Court Leader’s Advantage Podcast: June 15, 2021 Episode
Brought to You in Cooperation with NACM
Long days of travel, strange hotels, and strange food. Yes, international assignments can include all of these. But it can also afford the opportunity to make real change and create real change in yourself. This month we are talking to folks who have engaged in international rule of law assignments. In Russia, Ukraine, Serbia, Vietnam, and the South Pacific; these folks have been in countries around the world.
We’re asking questions about international work. Did the folks on assignment make a difference? What were the political and cultural hurdles they had to overcome? Do you need to know the language to go on assignment? What takeaways do these folks have for the rest of us?
Watch the June 15, 2021 CLAPodcast Episode 37 Minutes 37 Seconds
Listen to the June 15, 2021 CLAPodcast Episode 31 Minutes 17 Seconds
Michele Oken is a past president of NACM and has chaired the International Committee for the past seven years. In March of 2020, she retired from the Los Angeles Superior Court, State of California where she worked as a manager and court administrator for approximately 19 years. Prior to that time, from 1981-2001, she served as an official court reporter for both Municipal and Superior Courts in Los Angeles County. She enjoys spending time with family, especially her six grandchildren, taking long walks and has a passion for music and theater.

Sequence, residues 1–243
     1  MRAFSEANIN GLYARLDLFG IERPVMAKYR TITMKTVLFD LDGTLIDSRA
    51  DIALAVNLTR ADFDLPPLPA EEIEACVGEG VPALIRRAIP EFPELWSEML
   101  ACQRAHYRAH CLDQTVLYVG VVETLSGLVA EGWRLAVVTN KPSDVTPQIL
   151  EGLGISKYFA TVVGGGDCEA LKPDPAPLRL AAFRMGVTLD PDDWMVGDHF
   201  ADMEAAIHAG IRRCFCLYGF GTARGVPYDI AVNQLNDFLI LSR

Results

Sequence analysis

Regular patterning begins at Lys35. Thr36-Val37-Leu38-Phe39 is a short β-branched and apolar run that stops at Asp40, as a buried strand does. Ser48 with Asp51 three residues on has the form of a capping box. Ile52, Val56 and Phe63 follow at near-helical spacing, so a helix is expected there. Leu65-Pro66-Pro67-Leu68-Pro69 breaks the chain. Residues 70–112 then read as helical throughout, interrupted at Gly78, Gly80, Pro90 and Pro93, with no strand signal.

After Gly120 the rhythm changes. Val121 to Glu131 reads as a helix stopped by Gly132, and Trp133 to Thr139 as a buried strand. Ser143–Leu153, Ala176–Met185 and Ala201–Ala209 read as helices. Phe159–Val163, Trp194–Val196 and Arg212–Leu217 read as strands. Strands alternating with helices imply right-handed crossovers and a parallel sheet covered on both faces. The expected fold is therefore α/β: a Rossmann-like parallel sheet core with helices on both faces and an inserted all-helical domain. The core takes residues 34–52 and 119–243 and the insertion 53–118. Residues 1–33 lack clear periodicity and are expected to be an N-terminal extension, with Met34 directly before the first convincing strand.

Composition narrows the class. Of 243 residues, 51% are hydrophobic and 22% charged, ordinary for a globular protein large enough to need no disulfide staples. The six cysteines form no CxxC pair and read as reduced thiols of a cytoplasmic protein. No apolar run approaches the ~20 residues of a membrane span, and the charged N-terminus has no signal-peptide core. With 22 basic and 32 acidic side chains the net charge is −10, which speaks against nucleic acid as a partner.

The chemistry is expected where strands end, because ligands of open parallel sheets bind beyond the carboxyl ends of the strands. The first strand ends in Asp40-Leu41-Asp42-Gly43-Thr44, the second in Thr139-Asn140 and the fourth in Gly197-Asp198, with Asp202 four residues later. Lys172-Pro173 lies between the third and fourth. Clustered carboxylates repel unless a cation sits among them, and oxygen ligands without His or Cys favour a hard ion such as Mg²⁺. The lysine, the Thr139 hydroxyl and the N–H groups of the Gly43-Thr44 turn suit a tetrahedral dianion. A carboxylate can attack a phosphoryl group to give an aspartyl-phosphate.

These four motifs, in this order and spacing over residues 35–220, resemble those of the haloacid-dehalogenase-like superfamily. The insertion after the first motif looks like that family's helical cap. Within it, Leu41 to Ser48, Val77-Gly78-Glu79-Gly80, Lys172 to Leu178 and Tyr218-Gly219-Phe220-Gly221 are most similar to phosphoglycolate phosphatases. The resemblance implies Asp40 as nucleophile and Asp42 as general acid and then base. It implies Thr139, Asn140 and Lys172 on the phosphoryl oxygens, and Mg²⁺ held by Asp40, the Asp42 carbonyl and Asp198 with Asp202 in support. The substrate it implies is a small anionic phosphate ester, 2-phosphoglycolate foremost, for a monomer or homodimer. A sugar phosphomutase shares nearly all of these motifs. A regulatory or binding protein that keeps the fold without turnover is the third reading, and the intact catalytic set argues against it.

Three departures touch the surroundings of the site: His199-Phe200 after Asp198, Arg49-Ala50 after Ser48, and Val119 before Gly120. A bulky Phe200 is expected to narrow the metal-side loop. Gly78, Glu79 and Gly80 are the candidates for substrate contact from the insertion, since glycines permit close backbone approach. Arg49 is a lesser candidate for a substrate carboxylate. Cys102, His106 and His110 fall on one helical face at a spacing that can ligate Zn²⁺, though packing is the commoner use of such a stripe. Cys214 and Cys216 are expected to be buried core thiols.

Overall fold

Jeffrey Apperson is vice president for International Relations for the National Center for Stare Courts. Jeff works all over the world to help courts establish and improve judicial administration. He directs dozens of programs in 25 or so nations at any given time. He has had leadership roles in projects in Mongolia, Iraq, Brazil, Nigeria and Trinidad and Tobago, to name just a handful. He co-founded the International Association for Court Administration, helped establish the International Journal for Court Administration and is a founding board member of the International Institute for Justice Excellence in The Hague. Before working at NCSC, Apperson served as a clerk of court for U.S. Courts and attorney advisor to the Administrative Office of U.S. Courts for 27 years. He also served as chief of court management for the International Criminal Tribunal for the former Yugoslavia in 2006, and as president of the Federal Court Clerks Association and National Conference of Bankruptcy Clerks. He is a member of the U.S. Supreme Court Bar.
Pamela Ryder-Lahey is a Court Management Consultant with 41 years’ experience working at all levels of Court and in multiple positions, including her most recent full-time position as Chief Executive Officer for the Supreme Court of Newfoundland and Labrador from 2011-2017.